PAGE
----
[CodeCanyon] Your item, PHP MVC REST API, has been rejected

Can somebody explain to me what is the quality standard Envato requires to move forward?
I do not get any replies from Envato to my emails.

This site is using my framework:
It’s of pretty high quality.

Thanks for your input.

Hello neophyte3,

The problem with selling on Envato is that your item has to be of a higher-than-average quality in order to stand out. It also must offer something unique to the buyers. If your product is a good product, but lower in quality than already existing products with the same features, it would make no sense for Envato to publish it.

Your chat web app looks like it is coming from a decade ago from a graphics perspective. The birth date picker takes too much time to pick a date. City is required but not all cities are listed. Facebook log in does not work, Google requires additional data and it took 15 minutes to get a registration email (on a Gmail). Chat is only text with emoticons. No images, no user profile, no extra features.

Two weeks ago I published a chat web app that was promptly accepted. If you want to get a picture of what can be “ok” by Envato standards, take a look at my demo: https://clover.honeyside.it/ - envato1@honeyside.it - envato

That being said, don’t surrender. It looks like you are did put some good effort and you actually built something, now you need to refine it. Take your time, take a look at graphics design principles or hire a designer if needed. Make sure that everything works, test against vulnerabilities (XSS, SQL injection). And most importantly, remember that for every product that you see succeed, countless have been discarded, mostly by the same developers. Keep working :smile:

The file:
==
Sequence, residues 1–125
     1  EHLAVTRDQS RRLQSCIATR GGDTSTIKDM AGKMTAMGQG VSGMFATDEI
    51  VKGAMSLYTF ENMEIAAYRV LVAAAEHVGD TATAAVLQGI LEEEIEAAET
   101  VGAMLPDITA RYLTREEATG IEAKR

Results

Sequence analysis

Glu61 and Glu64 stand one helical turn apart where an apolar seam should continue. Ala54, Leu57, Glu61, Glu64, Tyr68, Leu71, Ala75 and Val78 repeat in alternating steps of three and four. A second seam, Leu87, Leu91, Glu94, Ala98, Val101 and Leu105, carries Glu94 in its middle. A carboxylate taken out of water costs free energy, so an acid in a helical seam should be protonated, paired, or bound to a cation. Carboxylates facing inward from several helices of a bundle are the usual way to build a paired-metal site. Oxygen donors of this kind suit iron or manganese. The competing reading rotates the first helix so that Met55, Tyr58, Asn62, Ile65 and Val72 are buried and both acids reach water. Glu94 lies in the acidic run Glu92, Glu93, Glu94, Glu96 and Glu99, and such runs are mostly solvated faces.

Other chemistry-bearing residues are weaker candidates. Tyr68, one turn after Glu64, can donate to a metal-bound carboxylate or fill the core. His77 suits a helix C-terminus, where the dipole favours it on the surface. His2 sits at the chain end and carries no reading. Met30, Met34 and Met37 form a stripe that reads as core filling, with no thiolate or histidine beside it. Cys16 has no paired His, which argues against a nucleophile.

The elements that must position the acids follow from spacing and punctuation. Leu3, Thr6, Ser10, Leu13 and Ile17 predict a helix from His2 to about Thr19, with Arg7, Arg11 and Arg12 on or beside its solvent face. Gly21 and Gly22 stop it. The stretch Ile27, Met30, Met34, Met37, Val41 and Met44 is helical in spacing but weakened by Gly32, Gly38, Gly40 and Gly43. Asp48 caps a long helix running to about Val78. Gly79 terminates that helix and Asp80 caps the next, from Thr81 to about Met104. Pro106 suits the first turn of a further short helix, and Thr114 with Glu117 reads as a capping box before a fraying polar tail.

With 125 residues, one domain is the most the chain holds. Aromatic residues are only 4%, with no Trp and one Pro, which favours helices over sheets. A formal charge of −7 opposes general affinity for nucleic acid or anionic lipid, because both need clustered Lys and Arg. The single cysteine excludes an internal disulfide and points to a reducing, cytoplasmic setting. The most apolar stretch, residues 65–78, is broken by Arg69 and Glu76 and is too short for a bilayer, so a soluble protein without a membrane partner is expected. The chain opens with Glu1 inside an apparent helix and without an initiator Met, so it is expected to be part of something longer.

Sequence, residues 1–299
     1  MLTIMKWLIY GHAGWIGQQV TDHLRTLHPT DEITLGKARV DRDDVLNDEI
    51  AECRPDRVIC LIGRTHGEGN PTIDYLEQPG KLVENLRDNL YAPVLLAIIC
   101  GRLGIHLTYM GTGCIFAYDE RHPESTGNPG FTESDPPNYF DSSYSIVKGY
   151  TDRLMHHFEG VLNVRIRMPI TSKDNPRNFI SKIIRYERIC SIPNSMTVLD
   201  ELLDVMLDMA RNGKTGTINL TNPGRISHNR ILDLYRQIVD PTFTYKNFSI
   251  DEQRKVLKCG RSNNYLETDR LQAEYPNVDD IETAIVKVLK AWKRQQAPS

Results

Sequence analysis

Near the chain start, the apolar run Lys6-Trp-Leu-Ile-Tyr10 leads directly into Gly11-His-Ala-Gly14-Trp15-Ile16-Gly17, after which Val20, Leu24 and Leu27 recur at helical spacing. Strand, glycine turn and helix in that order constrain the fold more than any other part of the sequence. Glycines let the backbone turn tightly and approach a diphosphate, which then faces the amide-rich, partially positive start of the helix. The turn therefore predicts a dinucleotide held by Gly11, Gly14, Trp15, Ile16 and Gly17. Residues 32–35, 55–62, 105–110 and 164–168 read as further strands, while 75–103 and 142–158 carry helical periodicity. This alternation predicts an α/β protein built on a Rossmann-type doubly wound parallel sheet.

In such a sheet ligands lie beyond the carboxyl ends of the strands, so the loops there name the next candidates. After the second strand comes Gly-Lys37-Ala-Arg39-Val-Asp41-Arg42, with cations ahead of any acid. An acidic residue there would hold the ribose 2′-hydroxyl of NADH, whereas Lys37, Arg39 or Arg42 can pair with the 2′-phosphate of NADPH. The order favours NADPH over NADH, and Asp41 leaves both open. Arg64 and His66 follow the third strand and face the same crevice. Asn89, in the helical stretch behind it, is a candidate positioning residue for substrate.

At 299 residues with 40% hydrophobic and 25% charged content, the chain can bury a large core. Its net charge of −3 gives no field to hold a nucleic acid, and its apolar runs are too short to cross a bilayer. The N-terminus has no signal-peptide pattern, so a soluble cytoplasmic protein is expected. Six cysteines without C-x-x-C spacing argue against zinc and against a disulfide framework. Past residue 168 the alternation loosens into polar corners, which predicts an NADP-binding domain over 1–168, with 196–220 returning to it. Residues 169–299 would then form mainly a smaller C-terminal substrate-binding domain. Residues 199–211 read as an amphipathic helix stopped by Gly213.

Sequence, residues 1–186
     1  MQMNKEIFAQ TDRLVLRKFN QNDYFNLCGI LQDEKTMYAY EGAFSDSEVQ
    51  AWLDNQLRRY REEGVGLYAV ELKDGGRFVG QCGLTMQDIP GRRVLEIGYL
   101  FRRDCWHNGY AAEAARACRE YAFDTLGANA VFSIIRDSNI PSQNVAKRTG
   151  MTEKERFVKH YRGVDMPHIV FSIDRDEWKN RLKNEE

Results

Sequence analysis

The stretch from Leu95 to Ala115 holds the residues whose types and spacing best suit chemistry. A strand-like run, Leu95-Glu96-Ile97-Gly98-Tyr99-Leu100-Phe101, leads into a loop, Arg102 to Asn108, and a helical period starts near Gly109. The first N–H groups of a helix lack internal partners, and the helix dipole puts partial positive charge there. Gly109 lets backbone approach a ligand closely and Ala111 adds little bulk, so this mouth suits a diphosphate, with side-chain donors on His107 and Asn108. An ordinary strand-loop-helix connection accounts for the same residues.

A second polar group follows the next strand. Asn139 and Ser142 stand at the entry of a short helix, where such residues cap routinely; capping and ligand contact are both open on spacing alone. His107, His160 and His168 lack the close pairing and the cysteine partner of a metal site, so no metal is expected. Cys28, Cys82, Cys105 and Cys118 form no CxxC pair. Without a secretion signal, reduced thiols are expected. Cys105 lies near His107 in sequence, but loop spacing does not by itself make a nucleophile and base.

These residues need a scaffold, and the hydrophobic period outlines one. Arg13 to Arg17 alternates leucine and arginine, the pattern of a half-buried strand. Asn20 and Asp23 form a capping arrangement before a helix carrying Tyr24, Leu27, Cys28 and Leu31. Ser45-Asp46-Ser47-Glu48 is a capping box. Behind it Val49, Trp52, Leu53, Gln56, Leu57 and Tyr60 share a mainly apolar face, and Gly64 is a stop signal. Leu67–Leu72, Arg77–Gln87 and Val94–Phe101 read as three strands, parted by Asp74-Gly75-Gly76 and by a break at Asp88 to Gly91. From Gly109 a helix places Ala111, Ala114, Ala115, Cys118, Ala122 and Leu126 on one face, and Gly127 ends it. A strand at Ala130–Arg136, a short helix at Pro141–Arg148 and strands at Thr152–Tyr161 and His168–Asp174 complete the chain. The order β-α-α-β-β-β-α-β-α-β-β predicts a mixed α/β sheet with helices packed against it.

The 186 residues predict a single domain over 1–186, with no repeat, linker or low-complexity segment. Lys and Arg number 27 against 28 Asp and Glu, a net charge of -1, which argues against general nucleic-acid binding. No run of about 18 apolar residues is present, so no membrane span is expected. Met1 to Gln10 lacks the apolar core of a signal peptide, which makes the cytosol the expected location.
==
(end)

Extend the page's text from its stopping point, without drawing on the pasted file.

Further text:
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Hi honeyside,
First of all thanks for your reply.
While yes, I agree I did not mention in the description why my framework is different from the rest, like Symfony and Laravel, you did not understand that I’m trying to sell and promote just my framework and not a complete web app. It’s a backend only solution to build restful api’s. You don’t like jQuery Mobile UI look and feel that’s just your taste, like I might not like yours chat web app UI aswell, even is it’s brand new - it’s a matter of taste, not quality. Comparing freshness, yours finished chat web app and mine unfinished one, I would say yours is pretty old as it’s using (long?)polling http technique versus mine - websockets. And I guess, envato too, is judging a book by its cover. No good.

Would stating exacty why my framework is different make any difference in product quality? No.

Hello neophyte3,

If what you are developing is a backend framework, then you should not provide a random example app built with that framework. Either you build a dynamic demo API generator, either you link documentation to a demo API, endpoint by endpoint, maybe with a Postman collection available for download.

If you publish a demo that is not your API but that is built on top of that, the Envato team will also judge your demo. And, apart from taste in graphics, there are clearly things that do not work with your demo, such as social registration.